Rep. Charles B. Rangel, New York Democrat, says "the destruction of the black family" today can be traced to a single man from England who purposely paid a visit to Virginia during the early 18th century.
"In 1712, British slave owner Willie Lynch was invited to the colony of Virginia to teach his methods of keeping slaves under control to American slave owners," Rangel says. "Almost 300 years later, the techniques that he prescribed seem to have not only been successful in controlling slaves, but lasting as a means of weakening and destroying the black family."
Rangel explains that in slavery, "families were purposely divided, with husband and wives separated from each other and their children. Black males were humiliated and whipped in front of their wives and children. Stripped of their power and pride, black men were seen as weak, and black women had to be the strength of the household, distorting the traditional family structure."
As it turns out, however, the "Willie Lynch" cited by Rangel in the preceding item is an urban legend based on a document widely circulated via the Internet in recent years. "There are many problems with this document - not the least of which is the fact that it is absolutely fake," explains Jelani Cobb, a professor of history at Atlanta's Spelman College.
"In the few years since the speech on how to train slaves first appeared, it has been cited by countless college students, a black member of the House of Representatives and become the essential verbal footnote in barbershop analysis of what's wrong with black people," the historian writes on his Web site.
Detailing evidence of the Lynch letter's falsehood, Cobb notes that this document was unknown to historians before its appearance on the Web: "Considering the limited number of extant sources from the 18th century, if this speech had been 'discovered' it would've been the subject of incessant historical panels, scholarly articles and debates. It would literally be a career-making find. But the letter was never 'discovered,' but rather it 'appeared' - bypassing the official historical circuits and making its way via Internet directly into the canon of American racial (conspiracy theories)."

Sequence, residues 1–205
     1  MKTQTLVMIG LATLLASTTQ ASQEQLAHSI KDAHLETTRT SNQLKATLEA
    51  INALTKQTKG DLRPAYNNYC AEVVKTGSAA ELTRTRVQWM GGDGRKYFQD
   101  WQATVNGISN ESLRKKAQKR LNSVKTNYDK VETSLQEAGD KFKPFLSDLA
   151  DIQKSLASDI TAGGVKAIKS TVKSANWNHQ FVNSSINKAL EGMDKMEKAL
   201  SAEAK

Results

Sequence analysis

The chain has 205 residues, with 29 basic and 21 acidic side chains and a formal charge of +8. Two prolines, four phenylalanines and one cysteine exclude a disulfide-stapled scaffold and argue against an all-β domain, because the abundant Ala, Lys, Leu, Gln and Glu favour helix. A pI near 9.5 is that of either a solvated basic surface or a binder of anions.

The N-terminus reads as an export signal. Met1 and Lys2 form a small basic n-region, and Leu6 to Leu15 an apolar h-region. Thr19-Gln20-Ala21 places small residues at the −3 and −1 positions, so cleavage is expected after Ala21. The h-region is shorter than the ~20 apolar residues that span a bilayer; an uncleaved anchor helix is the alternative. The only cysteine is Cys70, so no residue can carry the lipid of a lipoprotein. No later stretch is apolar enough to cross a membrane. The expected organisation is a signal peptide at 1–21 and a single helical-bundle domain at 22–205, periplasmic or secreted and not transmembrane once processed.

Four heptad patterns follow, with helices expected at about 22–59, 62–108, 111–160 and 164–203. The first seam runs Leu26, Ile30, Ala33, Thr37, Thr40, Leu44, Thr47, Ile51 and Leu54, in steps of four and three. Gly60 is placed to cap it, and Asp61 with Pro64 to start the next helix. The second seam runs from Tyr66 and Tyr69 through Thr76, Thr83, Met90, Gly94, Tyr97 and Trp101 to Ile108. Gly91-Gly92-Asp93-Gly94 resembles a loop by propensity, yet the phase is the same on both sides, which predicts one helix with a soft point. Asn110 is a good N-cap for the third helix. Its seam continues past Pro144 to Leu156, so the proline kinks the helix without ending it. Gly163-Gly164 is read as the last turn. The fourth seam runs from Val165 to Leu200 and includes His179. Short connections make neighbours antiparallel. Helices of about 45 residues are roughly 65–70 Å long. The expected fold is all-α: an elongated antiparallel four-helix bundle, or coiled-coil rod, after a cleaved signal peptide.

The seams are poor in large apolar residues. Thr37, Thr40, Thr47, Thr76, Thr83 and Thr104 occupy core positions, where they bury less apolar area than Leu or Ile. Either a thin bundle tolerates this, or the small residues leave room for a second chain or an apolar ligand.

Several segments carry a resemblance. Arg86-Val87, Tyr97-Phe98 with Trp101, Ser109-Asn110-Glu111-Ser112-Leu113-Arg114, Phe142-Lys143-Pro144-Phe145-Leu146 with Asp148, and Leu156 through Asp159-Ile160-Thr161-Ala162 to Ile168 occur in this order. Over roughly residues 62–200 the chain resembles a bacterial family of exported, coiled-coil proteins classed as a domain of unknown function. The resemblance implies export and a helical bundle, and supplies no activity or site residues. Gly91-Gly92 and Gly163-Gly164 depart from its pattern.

STILL IN USE
It was back in 1984 that Ross Perot purchased one of the few remaining originals of the 1297 Magna Carta, the foundation document of English common law.
Since then, this rare document, in which King Edward I confirmed King John's grant of rights and liberties "to all freemen of our kingdom," has been on indefinite loan to the National Archives.
Starting Sept. 16, the Magna Carta, which American patriots and law students like John Adams and Thomas Jefferson turned to for inspiration - for that matter, the U.S. Supreme Court has cited the document in numerous cases - will go on display at the Archives, the only Magna Carta permanently housed in the United States.
Perot's purchase price more than 20 years ago: $1.5 million.
What better place than Hollywood to convene the 2005 National UFO Conference?
Master of ceremonies for this gathering of UFO believers is former CNN news anchor Cheryll Jones, who we assume is among the two-thirds of Americans who, according to one Roper poll, believe Uncle Sam is withholding information on UFOs and the beings flying them - whether they are top-secret military pilots or little green men.
"The government has insisted that UFOs do not constitute a national-security threat, while refusing to formally deny an extraterrestrial explanation and stubbornly keeping most UFO-related information hidden from the public," conference organizers note. The conference, set for Sept. 2-4, will feature journalists, investigators, authors, even medical doctors who will present "case evidence, documentation and current status" of what the organizers call "the greatest mystery of our time."